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U.S. Hepatitis Rates Fall to New Lows

Widespread vaccination is helping reduce hepatitis A, B, experts say

THURSDAY, March 15, 2007 (HealthDay News) -- U.S. rates of infection with hepatitis A, B and C viruses have fallen to historic lows, reducing the threat of liver disease, according to a new federal report.

Infection with these three most common forms of acute viral hepatitis have dropped dramatically between 1995 and 2005, the U.S. Centers for Disease Control and Prevention announced Thursday. Moreover, the rates of hepatitis A and B are now at their lowest levels since the federal government began collecting data more than 40 years ago, according to the CDC report, Surveillance for Acute Viral Hepatitis -- United States, 2005.

The rates of all three types of hepatitis have been dropping dramatically since the mid 1990s, noted the report's lead author, Annemarie Wasley, a CDC epidemiologist in the Division of Viral Hepatitis.

"Since 1995, there has been an 88 percent decline in hepatitis A and a 79 percent decline in hepatitis B. For hepatitis C, since the early 1990s, it's been a 90 percent decline," she said.

The statistics were published in this week's issue of the CDC journal Morbidity and Mortality Weekly Report.

Hepatitis A can affect anyone and can be contracted through contaminated water, food or person-to-person contact. Hepatitis B can be contracted through sexual contact and is a serious disease that attacks the liver, resulting in lifelong infection, cirrhosis of the liver, liver cancer, liver failure, and death. Hepatitis C can also lead to serious liver disease. It is spread by contact with the blood of an infected person.

"A lot of the decline in hepatitis A and B is due to the national vaccination strategy since the 1990s," Wasley said.

The greatest decline in hepatitis A was seen among children in those 17 states where vaccination of children has been recommended since 1999. For hepatitis B, the greatest decline was among children and teens age 15 and younger, likely due to a high vaccination rate in this age group, according to the report.

"We think a lot of the decline in cases of hepatitis C is the result of changing behaviors among intravenous drug users. They are one of the most important risk groups for hepatitis C," Wasley said. "In addition, we have better screening of blood for hepatitis C."

Education programs aimed at people at risk for hepatitis C are also credited with reducing the number of new cases, by promoting behaviors to reduce person-to-person transmission of the virus, Wasley said.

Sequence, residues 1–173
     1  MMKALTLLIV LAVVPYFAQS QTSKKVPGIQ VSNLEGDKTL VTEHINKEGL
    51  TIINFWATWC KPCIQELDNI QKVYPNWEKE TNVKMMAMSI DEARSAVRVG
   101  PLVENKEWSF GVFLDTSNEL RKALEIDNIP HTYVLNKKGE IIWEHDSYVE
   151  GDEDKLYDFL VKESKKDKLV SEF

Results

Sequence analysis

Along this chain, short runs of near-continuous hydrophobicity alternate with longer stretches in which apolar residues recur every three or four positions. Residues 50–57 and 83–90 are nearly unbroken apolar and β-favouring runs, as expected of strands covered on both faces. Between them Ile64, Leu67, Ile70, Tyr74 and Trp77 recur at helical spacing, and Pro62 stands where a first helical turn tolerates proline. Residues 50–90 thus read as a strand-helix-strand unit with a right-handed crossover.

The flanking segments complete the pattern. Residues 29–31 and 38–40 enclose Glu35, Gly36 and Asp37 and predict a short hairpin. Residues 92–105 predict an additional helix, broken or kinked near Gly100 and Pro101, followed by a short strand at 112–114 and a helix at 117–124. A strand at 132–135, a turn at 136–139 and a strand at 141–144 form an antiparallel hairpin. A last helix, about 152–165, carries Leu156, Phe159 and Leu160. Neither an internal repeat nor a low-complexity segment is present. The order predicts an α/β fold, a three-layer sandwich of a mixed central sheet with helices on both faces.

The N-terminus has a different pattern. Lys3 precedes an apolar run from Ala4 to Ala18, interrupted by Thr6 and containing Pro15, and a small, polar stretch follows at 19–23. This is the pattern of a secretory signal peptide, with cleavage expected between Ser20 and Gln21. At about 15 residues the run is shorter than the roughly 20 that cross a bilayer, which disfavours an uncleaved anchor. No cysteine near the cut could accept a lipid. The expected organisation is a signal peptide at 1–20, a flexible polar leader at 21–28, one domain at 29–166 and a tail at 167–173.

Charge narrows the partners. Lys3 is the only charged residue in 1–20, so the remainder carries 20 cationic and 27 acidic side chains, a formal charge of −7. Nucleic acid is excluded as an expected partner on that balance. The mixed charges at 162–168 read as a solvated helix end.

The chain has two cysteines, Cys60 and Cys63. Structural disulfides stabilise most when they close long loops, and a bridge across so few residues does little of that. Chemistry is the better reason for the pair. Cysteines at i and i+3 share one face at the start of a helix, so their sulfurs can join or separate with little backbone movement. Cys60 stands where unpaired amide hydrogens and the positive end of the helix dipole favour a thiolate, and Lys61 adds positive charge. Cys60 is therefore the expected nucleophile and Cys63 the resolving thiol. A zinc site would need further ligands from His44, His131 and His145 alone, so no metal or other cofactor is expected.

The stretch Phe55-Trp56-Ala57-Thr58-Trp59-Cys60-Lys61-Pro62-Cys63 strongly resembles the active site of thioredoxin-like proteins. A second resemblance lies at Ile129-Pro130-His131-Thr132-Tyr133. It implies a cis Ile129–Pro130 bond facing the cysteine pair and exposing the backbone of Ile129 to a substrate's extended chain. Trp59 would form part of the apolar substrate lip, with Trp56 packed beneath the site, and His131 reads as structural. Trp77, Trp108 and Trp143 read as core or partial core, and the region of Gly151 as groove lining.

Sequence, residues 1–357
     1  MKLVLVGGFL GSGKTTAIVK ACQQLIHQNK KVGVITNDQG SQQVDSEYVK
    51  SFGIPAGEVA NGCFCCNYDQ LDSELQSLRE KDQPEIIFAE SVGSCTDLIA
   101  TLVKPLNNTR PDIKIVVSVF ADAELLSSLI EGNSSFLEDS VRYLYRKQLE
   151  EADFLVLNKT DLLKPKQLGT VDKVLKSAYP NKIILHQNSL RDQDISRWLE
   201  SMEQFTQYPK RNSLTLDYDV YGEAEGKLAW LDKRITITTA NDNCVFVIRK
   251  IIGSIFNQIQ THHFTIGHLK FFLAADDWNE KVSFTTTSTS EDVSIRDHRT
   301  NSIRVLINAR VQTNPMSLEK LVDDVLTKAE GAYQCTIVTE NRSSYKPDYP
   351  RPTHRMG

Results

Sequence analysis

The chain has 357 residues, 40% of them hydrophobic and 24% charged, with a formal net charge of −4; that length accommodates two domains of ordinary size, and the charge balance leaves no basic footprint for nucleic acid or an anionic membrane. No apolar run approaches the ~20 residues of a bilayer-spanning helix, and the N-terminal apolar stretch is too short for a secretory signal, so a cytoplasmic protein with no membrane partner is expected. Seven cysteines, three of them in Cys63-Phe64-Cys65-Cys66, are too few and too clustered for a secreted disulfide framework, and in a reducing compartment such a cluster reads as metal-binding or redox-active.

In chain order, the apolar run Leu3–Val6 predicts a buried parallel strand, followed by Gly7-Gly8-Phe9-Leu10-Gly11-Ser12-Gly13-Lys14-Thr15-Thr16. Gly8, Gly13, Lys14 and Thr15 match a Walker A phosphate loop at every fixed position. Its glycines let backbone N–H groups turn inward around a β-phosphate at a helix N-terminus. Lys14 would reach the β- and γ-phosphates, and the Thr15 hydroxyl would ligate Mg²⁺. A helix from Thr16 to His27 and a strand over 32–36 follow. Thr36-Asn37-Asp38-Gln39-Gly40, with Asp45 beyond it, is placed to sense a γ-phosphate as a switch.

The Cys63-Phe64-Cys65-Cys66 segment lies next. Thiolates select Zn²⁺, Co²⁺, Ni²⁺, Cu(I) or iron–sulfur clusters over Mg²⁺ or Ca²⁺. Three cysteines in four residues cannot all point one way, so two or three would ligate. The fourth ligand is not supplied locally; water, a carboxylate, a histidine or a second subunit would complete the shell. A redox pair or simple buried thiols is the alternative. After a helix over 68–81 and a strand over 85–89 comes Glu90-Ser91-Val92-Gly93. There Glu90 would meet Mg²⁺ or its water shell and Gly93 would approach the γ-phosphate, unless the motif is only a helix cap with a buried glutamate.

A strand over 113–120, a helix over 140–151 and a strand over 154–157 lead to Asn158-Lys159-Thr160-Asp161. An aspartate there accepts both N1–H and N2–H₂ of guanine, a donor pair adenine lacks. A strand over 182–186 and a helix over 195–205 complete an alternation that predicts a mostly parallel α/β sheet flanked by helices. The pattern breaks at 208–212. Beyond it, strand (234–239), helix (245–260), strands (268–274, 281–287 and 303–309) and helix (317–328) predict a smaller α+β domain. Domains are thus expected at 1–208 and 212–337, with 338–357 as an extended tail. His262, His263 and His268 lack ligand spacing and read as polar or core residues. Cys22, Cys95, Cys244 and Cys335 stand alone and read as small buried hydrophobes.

There is currently no vaccine for hepatitis C.

Wasley expects rates of hepatitis A and B to drop even further. "There may be upsurges over the next few years, but the general trend, we expect and hope, will continue to decline," she said.

"For hepatitis A, the CDC recommends that all children 12 months to 23 months be vaccinated," Wasley said. The vaccine is also recommended for people at risk for infection, including international travelers, men who have sex with men, injection and non-injection drug users, and children living in communities with high rates of the disease.

For hepatitis B, the CDC recommends three doses of vaccine beginning at birth. In addition, hepatitis B infection rates also dropped among adults but remain highest among those 25 to 44 and among people with risk factors, such as high-risk sexual activity and injection drug use.

As more children are vaccinated, the hope is the hepatitis B can eventually be eliminated, Wasley said.

"It's a little harder to see what's going to happen with hepatitis C," Wasley said. "Because without a vaccine we rely on education," she said. "We hope rates will continue to decline. We are making tremendous inroads in reducing the occurrence of all of these diseases, but there are challenges remaining."

More than 4.5 million Americans are currently infected with chronic hepatitis B and/or hepatitis C and at serious risk for liver cirrhosis and cancer.

One expert said that although much progress has been made there is still a lot to do, especially for people with hepatitis C.

"It is estimated that 50 percent of people with hepatitis C have not been identified," said Thelma King Thiel, chairman and CEO of Hepatitis Foundation International. "We are trying to educate people who have used intravenous drugs to get tested. It's hard to get people to assess their own risk behaviors."

Thiel believes that, since there is no vaccine for hepatitis C, it will require a concerted educational effort to reach those at risk.

"The progress has been great in hepatitis A and good in hepatitis B, but there needs to be more education to be sure that all children are vaccinated and reach people who have not been vaccinated," Thiel said. "It's even harder to reach people to educate them about hepatitis C," she added.

More information

For more information on hepatitis, visit the U.S. Centers for Disease Control and Prevention.

SOURCES: Annemarie Wasley, Sc.D., epidemiologist, Division of Viral Hepatitis, U.S. Centers for Disease Control and Prevention, Atlanta; Thelma King Thiel, chairman and CEO, Hepatitis Foundation International, Silver Spring, Md.; March 16, 2007, CDC Morbidity and Mortality Weekly Report, Surveillance for Acute Viral Hepatitis--United States, 2005
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